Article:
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Amid the shock of the assault of the US Capitol on Wednesday it was easy to overlook the other significant development of the day: wins in the Georgia Senate run-offs mean Democrats will control both houses of Congress, making it possible for president-elect Joe Biden to push through his agenda, including a new coronavirus recovery plan.
A Biden stimulus could mean more direct payments to Americans, an extension of the jobless benefits due to end in March and more help for local administrations. Some analysts expect stimulus worth another $600bn on top of the $900bn agreed late last year. Incoming Senate majority leader Chuck Schumer said increasing aid money to $2,000 for each citizen was “one of the first things we want to do once our new senators are seated”.
Global markets welcomed the end to the uncertainties created by the long general election and expectations that the new government would put more support into the economy. Longer-term goals for the Biden administration include increased spending in infrastructure and clean energy, paid for by higher taxes.
But if anyone thought the task ahead was straightforward, they would have been quickly disabused by today’s disappointing employment report, which showed the US economy losing jobs for the first time since April as a resurgent coronavirus continued to be a major drag on the country’s recovery, especially in sectors such as leisure and hospitality.
The latest medical data further underline the scale of the challenge ahead: rising cases and hospitalisations over the Christmas period culminated yesterday with a death toll of more than 4,000 — the deadliest day of the pandemic so far.
New York-based Element Capital, one of the world’s biggest macro hedge funds, gained almost 19 per cent during 2020, and is returning $2bn cash to clients. The move is the latest attempt by a top fund to slim down or limit investor access after a profitable pandemic performance.
Senior editorial columnist John Plender warns of the danger to markets of being driven principally by economic policy and sounds the alarm on growing levels of debt. “Investors’ most pressing financial concern should be the reality that the world economy is hostage to debt and wayward monetary policy,” he writes. “There will, in the end, be a reckoning.”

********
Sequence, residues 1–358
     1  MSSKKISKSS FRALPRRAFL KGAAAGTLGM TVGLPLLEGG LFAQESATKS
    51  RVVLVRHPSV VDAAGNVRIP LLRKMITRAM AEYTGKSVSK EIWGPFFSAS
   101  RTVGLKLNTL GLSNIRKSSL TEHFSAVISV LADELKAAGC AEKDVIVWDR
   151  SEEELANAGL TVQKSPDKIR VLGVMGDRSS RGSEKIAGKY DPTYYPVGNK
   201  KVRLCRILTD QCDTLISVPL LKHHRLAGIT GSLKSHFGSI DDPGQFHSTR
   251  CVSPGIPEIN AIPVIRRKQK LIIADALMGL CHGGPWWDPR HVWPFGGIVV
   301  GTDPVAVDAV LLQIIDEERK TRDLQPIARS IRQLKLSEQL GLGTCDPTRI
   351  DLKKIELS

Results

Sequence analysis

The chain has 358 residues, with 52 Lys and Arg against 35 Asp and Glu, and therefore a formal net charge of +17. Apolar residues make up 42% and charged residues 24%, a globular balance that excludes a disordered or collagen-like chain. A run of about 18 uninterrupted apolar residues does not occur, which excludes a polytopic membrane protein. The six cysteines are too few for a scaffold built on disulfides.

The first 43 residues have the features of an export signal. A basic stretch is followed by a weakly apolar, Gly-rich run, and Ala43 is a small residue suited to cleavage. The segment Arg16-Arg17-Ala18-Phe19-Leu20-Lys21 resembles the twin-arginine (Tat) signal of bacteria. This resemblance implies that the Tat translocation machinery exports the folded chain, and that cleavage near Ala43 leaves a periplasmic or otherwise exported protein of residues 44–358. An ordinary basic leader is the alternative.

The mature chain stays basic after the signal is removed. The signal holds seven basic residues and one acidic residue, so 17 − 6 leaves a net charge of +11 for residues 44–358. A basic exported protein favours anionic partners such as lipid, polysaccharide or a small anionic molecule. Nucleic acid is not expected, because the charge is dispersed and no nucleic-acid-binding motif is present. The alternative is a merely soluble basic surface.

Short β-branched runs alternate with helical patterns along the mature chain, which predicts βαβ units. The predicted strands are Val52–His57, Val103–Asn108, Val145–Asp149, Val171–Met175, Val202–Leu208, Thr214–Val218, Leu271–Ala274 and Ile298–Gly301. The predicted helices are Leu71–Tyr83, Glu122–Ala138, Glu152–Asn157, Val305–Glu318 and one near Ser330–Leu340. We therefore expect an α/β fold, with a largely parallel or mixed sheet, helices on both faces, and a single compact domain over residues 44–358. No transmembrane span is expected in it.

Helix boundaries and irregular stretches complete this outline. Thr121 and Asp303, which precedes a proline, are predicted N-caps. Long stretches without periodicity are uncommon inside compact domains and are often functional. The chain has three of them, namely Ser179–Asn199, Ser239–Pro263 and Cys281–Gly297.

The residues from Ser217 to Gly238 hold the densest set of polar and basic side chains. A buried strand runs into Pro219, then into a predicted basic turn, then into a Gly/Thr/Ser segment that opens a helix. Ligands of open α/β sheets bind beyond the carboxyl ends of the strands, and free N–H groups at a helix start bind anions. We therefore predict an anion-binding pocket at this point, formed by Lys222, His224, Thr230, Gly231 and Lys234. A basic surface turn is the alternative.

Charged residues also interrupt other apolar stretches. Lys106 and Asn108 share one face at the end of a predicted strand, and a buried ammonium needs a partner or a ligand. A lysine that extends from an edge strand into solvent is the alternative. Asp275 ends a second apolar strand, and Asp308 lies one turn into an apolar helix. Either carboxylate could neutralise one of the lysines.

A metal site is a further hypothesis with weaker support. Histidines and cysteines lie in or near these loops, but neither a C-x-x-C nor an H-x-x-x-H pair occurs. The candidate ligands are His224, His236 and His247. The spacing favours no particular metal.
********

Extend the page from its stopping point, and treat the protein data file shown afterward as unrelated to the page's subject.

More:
Reasons to be fearful: Many investors may be glad to see the back of 2020 but has the optimism engendered by the arrival of vaccines gone too far? Markets editor Katie Martin ponders this and other reasons to remain cautious in the year ahead.
Demand for computer chips and flat panels, turbocharged by the shift to homeworking and online learning, fuelled a jump in quarterly profits for South Korea’s Samsung. US west coast editor Richard Waters warned that pandemic tech bubbles carried stark reminders of the dangers of the dotcom era such as the rise of special purpose acquisition companies and too much money looking for a home. “Much like squeezing a balloon full of water, the excess cash in the system is causing bulges that are becoming impossible to suppress,” he writes.
Strong food sales over Christmas helped balance some of the pain caused by store closures for large UK retailers such as Marks and Spencer and Sainsbury’s, helped by robust online business. One analyst said the latter’s year-on-year increase in ecommerce capacity was “an amazing advancement” and noted that “this route to market is now demonstrably profitable, something for sector sceptics to note”.
How seriously will the pandemic force us to rethink and revalue the way we work? Supporters of “alternative hedonism” advocate more balanced lives with reduced workloads and more time for cultural and community activities that can improve self-esteem and wellbeing.
There were mixed signals on the state of the eurozone recovery. Germany recorded strong manufacturing and export performances in November but retail sales across the bloc were worse than expected, albeit tempered by encouraging data on jobs. The European Commission’s economic sentiment survey showed the mood picking up in December thanks to good news on vaccine approvals.
India forecast an economic hit of 7.7 per cent for the year to the end of March, the biggest in almost 70 years. Private forecasters expect a bigger shrinkage of up to 10.6 per cent, following the 24 per cent plunge in the three months to June as a result of the country’s strict lockdown.
Our colleagues at Nikkei offer their “optimists’ guide” for Asia, in 2021, highlighting the positive changes brought on by the pandemic in health, tech and the world of work.
The most comprehensive study of transmission ever carried out for any disease indicated that coronavirus came to the UK mainly from southern Europe, rather than China.
Some positive developments to end the week. Early tests indicate that the BioNTech/Pfizer vaccine is effective against the worrying variants of coronavirus found in the UK and South Africa, while Moderna’s jab today became the third vaccine to be approved for use by British regulators, following initial approval from the EU on Wednesday.
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